Will there be a reversal?

(11 Posts)
Misstic Mon 31-Aug-20 16:32:11

To save businesses there is likely to be a return to work in offices and that means commuting for many people who did not commute before. I wonder whether some, if not many, of them will want to move back to areas closer to their workplaces.

OP’s posts: |
FurierTransform Mon 31-Aug-20 16:34:44

I think it's incredibly unlikely that will happen. Flexible working/WFH is the direction of progress, fueled by technology, & it's near impossible to reverse.

Raifa Mon 31-Aug-20 16:59:08

Makes you wonder why you would employ British workers at all now. Might as well get developing nation PhD for half of the price.

Pipandmum Mon 31-Aug-20 17:02:59

No. I think flexibility in terms of days in office and days working from home likely in many cases, and people would rather commute those days than live full time nearer work.

eurochick Mon 31-Aug-20 17:03:06

Why do you think people will be commuting who were not before?

JoJoSM2 Mon 31-Aug-20 17:04:36

It’s much cheaper for businesses to have a smaller office with only part of their staff in at any time.

However, some people feel isolated wfh so I don’t think the shift to remote working will be as big as some might think.

ShaunaTheSheep Mon 31-Aug-20 17:06:20

Sorry, I don’t understand your point - why would it mean people commuting who didn’t before?

Advertisement

NotSuchASmugMarriedNow1 Mon 31-Aug-20 17:09:10

Makes you wonder why you would employ British workers at all now. Might as well get developing nation PhD for half of the price.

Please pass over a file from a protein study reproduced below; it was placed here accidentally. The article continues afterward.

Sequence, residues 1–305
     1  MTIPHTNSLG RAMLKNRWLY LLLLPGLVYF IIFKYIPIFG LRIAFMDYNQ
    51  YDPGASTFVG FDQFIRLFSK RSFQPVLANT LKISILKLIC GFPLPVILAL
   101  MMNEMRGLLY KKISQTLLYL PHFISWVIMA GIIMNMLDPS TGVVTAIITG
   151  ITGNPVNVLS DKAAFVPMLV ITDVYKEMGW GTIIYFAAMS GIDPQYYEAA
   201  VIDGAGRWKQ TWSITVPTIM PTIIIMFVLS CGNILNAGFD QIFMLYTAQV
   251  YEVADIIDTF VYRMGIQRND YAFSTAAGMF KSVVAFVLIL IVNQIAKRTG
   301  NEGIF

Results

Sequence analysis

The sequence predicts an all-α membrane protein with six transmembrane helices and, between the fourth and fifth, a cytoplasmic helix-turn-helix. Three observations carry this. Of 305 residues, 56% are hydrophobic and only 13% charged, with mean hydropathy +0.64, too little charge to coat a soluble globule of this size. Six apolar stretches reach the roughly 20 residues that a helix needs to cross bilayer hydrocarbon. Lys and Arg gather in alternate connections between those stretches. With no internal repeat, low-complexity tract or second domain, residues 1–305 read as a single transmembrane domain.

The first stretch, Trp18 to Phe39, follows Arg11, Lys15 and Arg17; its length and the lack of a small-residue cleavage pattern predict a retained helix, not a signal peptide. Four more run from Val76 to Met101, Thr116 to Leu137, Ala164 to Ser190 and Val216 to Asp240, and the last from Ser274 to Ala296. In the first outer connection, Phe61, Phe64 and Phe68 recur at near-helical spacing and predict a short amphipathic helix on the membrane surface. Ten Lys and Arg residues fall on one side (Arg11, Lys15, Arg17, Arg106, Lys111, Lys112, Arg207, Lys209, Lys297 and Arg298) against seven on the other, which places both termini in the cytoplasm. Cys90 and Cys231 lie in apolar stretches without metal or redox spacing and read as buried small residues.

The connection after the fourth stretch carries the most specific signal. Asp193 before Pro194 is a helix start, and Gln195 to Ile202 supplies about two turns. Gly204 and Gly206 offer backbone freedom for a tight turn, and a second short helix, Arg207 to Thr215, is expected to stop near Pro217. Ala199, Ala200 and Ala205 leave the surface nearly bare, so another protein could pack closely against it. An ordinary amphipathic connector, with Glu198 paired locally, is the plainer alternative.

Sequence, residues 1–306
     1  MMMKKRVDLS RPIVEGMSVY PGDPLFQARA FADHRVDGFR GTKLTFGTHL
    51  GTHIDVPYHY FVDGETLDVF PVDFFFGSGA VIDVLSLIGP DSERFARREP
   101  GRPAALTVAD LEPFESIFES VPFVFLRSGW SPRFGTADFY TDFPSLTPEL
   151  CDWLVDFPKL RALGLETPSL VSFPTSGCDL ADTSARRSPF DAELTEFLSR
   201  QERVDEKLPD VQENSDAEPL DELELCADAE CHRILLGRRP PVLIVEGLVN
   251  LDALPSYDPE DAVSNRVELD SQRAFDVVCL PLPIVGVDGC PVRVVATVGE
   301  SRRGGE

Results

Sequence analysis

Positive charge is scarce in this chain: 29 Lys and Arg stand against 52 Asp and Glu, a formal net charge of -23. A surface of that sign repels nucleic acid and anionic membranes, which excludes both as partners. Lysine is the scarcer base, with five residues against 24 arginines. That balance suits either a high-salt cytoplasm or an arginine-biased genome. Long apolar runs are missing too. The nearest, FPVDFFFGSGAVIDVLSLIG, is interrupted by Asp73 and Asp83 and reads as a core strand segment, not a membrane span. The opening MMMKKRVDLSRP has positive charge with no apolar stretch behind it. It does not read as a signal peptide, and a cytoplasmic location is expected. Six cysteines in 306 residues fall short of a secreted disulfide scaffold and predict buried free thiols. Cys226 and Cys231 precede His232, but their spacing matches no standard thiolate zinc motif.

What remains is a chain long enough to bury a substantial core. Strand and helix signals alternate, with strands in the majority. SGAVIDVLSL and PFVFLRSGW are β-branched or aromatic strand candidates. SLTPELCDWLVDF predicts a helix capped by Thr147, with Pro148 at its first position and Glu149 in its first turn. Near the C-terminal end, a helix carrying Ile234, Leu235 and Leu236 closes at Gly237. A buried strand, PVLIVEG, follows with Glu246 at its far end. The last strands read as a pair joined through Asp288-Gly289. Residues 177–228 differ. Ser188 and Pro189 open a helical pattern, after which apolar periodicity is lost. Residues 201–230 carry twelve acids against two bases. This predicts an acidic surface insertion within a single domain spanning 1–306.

Because if you employ indian workers instead of british workers there won't be any people in the UK employed and able to spend money buying the products and services that have been outsourced to india.

Misstic Mon 31-Aug-20 17:24:44

Many people moving out of London would have been living in Central London or the environs. So they would have had to commute before or their commute would have been very short. Moving further out means longer journeys, packed trains, and sometimes no alternative route when things don’t work.

Despite an increase in WFH, I think many companies will require workers to be present at least 2 or more days in the office.

The government and businesses, particularly retail businesses are putting pressure on the government to reverse the message and trend of mass WFH.

WFH will increase but it will not replace face-to-face working and interaction with colleagues.

OP’s posts: |
JoJoSM2 Mon 31-Aug-20 17:40:50

Yes, but going to the office 2-3 days a week instead of 5, means half the number of people on the trains.

I also think that vast majority of people moving out are the ones that didn’t necessarily want to be in zone 2 and Covid just spurred them on to move this year.

We moved from zone 2 to 5 several years and go DH finally stopped hating his commute. He always gets a window seat on his train vs struggling to even get onto the packed trains in zone 2. He always gets work done on the train vs the old commute being 100% unpleasant and a waste of time. There multiple alternative routes and we’re still close enough for him to cycle in some days too. So personally, I can’t see that many people desperate to move back in any time soon.

Kaiserin Mon 31-Aug-20 17:51:47

The government and businesses, particularly retail businesses are putting pressure on the government to reverse the message and trend of mass WFH.

This makes no business sense.
Retail businesses and the government propaganda machine can wail all they want...
Why would a business which finds work-from-home profitable and convenient, change their mind, and increase their own costs, just because the government gently (... or firmly) asked them to?
Other businesses are not charities, they don't exist to finance the retail industry. And the government has very little power over the private sector. What are they gonna do? Make work from home illegal? hmm

Join the discussion

To comment on this thread you need to create a Mumsnet account.

Join Mumsnet

Already have a Mumsnet account? Log in